However, employees do need to meet eligibility criteria (which are different for birth parents and adoptive parents) and more importantly from the perspective of those in HR, they also need to give notice to their employers as well as meet ‘length of employment’ criteria. Specifically, parents wanting to take SPL or ShPP must “have been employed continuously by the same employer for at least 26 weeks by the end of the 15th week before the due date”.

They can split SPL up into 3 separate blocks of leave, if they choose, and if they want to come back to work at a different date to what you originally agreed, that’s okay, but only if they give you at least eight weeks’ notice. You can also ask for the birth certificate and details of their partner’s employer.

How Much Money Are Employees Entitled to?

According to gov.uk, Statutory Maternity Pay is only paid for up to 39 weeks. Employees receive 90% of their average weekly earnings (before tax) for the first 6 weeks then £148.68 or 90% of their average weekly earnings (whichever is lower) for the next 33 weeks. The last 13 weeks (if they decide to take it) will be unpaid. (If taking ShPP they only earn the lower amount of 90% of their pay or £148.68).

It is possible for your company to choose to pay more than Statutory Maternity Pay, if you want. According to the Money Advice Service, “Some employers might offer occupational maternity pay, sometimes known as contractual maternity pay.”

The Terminology: Summarized

The Rules: What Employees Must (and Must Not) Do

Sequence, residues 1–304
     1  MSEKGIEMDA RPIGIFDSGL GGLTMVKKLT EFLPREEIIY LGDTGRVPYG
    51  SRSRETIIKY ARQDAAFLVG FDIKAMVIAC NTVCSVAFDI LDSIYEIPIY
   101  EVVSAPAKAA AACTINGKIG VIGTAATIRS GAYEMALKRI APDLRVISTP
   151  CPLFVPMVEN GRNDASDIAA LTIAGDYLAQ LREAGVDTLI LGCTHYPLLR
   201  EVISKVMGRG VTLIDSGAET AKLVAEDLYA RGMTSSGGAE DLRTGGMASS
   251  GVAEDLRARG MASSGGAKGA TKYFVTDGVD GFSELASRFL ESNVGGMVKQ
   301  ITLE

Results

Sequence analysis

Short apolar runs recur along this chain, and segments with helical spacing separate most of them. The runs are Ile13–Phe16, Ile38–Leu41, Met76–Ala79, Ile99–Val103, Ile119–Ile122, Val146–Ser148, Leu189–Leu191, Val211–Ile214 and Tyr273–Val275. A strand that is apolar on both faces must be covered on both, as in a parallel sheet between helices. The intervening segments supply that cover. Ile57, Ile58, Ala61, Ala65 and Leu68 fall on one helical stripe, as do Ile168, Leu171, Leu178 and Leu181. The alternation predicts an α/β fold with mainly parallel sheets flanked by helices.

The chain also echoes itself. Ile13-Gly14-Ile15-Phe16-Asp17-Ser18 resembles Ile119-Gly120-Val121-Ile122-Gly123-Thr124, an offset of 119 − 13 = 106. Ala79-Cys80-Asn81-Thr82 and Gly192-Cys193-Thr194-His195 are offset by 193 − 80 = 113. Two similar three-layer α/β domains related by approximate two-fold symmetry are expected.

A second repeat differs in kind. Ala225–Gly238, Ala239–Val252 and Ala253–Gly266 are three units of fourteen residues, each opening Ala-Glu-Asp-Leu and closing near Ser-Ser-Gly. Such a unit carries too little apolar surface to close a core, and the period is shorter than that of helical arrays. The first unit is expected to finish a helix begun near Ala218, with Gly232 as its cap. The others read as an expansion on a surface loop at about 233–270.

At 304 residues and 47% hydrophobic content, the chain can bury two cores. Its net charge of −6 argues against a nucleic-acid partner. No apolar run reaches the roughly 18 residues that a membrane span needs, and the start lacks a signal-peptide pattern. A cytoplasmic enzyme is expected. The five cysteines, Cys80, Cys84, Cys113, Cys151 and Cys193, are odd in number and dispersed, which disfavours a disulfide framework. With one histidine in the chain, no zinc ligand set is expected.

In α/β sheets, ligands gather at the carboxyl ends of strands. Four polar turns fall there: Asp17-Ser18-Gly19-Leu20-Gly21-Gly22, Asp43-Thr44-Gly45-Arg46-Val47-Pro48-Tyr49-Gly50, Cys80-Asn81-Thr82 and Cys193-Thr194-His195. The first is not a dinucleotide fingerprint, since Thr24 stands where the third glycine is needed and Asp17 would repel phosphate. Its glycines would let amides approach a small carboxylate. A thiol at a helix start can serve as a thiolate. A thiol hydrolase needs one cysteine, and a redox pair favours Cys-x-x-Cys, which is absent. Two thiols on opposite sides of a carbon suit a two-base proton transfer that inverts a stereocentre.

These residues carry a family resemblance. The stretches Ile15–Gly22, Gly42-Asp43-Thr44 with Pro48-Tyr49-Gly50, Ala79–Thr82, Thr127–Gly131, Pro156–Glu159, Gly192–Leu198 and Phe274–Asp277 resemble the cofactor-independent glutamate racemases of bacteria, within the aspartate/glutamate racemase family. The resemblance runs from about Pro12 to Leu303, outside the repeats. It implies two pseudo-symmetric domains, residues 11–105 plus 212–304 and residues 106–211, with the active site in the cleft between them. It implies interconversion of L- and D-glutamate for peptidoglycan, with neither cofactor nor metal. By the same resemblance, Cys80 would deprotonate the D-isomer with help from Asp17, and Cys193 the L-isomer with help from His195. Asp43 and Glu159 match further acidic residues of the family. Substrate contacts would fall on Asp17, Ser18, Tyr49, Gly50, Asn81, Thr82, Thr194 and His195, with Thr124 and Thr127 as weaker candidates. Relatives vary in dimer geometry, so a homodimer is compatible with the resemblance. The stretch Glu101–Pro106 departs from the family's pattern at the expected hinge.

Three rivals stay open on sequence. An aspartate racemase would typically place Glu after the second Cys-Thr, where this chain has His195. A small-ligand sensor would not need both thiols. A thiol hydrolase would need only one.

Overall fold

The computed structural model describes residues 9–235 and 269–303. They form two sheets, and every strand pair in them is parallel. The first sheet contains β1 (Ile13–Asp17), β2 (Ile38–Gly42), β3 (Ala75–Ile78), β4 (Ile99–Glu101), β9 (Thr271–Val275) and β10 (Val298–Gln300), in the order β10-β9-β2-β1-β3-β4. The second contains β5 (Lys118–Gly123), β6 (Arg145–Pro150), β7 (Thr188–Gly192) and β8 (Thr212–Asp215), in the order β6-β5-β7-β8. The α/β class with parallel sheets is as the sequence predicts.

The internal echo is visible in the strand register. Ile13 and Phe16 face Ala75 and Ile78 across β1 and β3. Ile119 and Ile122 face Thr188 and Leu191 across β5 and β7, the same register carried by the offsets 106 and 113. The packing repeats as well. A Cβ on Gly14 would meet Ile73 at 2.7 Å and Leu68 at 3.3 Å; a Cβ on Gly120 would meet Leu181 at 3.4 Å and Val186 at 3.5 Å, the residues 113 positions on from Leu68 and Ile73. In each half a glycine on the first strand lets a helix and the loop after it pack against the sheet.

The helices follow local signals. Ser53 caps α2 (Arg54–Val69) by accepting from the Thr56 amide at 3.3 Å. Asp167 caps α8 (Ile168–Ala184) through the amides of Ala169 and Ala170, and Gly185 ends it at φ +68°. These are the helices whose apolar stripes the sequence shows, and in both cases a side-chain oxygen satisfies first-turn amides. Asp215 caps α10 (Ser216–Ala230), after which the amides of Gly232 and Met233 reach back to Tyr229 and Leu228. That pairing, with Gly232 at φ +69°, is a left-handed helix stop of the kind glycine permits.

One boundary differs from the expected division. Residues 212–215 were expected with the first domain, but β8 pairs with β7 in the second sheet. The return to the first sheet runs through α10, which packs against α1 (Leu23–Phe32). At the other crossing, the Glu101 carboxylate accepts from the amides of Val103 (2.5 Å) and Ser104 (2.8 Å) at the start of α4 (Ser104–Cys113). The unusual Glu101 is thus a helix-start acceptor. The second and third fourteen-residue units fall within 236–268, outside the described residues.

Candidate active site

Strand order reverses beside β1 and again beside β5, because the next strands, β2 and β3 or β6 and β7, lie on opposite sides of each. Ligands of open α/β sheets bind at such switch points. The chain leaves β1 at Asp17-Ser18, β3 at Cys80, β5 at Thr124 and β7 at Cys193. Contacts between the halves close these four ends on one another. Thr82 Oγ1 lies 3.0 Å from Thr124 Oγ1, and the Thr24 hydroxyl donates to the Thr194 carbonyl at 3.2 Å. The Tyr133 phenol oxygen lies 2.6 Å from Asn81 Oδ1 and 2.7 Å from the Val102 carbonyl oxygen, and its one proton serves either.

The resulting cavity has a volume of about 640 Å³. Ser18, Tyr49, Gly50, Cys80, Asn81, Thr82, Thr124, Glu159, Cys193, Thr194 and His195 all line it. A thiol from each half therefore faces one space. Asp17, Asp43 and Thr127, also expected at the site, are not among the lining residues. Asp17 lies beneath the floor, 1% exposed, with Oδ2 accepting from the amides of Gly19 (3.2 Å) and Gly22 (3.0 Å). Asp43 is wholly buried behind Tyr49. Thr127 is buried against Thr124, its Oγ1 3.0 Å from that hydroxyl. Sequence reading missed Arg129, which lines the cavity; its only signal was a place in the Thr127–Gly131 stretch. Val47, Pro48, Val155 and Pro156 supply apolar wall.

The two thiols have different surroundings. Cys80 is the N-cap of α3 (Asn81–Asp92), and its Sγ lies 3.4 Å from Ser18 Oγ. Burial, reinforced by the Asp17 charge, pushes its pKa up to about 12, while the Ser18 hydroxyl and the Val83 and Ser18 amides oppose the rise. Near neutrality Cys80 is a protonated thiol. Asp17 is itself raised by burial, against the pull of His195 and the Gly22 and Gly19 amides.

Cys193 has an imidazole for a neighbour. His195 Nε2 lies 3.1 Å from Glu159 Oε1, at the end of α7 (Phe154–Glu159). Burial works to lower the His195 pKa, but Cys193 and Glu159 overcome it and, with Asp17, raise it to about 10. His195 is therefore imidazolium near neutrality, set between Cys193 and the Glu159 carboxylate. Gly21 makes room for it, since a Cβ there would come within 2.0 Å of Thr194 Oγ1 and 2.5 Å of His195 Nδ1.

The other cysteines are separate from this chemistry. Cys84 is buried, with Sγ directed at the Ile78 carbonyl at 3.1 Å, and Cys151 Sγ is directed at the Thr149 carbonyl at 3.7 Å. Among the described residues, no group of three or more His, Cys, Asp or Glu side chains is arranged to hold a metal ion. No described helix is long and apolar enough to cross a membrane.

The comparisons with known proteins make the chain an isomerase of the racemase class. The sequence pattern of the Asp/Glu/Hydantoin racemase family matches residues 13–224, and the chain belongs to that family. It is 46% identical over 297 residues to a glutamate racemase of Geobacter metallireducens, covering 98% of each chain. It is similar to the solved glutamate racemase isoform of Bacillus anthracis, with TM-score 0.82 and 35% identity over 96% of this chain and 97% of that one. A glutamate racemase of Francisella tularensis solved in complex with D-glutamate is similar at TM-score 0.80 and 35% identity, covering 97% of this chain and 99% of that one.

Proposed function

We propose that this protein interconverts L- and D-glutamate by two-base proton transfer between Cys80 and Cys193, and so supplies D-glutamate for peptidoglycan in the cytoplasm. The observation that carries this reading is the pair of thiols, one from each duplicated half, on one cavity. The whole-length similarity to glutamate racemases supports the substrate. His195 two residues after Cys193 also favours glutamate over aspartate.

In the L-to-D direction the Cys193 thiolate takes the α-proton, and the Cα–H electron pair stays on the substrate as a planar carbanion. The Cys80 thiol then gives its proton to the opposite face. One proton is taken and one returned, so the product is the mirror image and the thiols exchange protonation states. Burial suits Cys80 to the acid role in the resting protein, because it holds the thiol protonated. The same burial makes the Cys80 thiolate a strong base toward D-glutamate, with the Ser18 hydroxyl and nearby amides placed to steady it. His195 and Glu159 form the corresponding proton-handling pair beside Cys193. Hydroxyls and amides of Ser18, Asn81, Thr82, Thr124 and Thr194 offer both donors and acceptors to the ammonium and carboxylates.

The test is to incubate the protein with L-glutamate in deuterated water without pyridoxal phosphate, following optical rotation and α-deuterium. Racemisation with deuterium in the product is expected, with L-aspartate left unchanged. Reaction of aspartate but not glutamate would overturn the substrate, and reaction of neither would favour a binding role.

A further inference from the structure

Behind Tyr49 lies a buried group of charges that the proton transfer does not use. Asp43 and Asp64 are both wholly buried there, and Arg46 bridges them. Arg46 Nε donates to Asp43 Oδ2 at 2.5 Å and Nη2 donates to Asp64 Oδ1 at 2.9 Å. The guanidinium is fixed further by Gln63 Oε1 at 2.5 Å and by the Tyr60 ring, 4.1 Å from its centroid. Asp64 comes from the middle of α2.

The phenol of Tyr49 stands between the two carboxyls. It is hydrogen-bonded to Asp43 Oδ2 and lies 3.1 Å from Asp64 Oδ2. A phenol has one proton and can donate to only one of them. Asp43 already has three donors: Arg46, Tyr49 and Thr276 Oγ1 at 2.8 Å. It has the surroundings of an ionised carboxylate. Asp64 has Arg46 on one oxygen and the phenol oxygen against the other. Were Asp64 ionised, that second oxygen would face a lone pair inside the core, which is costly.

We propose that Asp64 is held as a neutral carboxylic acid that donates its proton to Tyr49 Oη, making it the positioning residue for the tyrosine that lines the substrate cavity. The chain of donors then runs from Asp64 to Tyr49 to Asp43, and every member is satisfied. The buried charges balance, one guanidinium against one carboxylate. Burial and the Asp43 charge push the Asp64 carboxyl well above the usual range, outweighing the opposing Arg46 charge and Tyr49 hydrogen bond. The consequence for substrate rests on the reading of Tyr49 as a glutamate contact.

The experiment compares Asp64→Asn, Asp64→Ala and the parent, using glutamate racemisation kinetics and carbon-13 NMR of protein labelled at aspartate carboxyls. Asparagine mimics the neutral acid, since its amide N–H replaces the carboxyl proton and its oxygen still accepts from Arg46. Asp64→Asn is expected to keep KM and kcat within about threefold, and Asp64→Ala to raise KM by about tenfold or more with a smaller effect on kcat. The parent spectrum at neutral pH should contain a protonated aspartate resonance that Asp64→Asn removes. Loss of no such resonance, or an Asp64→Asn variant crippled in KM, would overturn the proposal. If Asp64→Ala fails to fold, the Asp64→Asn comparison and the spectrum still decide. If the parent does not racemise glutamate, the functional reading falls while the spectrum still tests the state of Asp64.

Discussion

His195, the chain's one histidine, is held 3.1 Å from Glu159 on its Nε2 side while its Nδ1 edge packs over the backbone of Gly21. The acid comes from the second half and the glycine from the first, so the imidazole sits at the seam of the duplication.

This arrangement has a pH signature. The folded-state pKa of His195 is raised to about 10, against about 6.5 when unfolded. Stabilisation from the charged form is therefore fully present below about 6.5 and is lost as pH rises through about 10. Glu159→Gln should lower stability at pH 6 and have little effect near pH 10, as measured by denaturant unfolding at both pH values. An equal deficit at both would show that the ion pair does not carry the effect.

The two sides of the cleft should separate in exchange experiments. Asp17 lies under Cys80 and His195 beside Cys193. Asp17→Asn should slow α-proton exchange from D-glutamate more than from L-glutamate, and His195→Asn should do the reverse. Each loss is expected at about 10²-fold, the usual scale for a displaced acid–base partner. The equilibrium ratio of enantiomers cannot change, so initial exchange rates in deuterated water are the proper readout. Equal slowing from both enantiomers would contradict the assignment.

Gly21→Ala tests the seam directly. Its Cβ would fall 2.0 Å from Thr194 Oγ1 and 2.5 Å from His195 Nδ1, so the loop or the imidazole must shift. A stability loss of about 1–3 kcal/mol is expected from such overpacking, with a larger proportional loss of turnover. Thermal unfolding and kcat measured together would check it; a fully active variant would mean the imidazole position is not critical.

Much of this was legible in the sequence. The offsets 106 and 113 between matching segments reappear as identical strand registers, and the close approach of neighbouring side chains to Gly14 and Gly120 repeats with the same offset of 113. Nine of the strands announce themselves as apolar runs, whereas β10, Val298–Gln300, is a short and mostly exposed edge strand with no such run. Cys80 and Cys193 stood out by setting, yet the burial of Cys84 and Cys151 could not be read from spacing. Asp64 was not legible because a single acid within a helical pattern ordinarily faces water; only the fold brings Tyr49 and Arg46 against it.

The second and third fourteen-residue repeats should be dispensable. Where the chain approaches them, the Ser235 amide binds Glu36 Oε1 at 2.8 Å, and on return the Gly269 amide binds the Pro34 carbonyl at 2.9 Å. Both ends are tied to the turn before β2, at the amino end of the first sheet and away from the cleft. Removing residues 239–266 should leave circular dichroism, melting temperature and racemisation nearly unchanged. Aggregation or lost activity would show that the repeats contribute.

The Rules Around Statutory Maternity Leave

When applying for Statutory Maternity Leave (SML) employees need to tell their employers at least 15 weeks before their due date (or as soon as possible if they didn’t know they were pregnant). You can require them to provide notice of SML in writing, but you must reply within 28 days. They also need to tell you when they want to start their Statutory Maternity Leave and Statutory Maternity Pay.

Interestingly, the people who work for you only qualify for SML if they’re an employee, not a ‘worker’ and they provide the correct amount of notice, but they are always entitled to take SML: It doesn’t matter how long they’ve been working for you, the government allows them to take SML regardless. Also, somewhat strangely, employees don’t necessarily have to provide proof of pregnancy if they’re asking for Statutory Maternity Leave, but they do have to provide proof if they’re applying for Statutory Maternity Pay.

The Rules Around Statutory Maternity Pay

For Statutory Maternity Pay (SMP)employees are also required to give at least 28 days’ notice, but they also have to earn, on average, at least £118 a week and must have worked for your continuously for at least 26 weeks before the day they have to inform you about their pregnancy (i.e. the 15th week before the expected week of childbirth).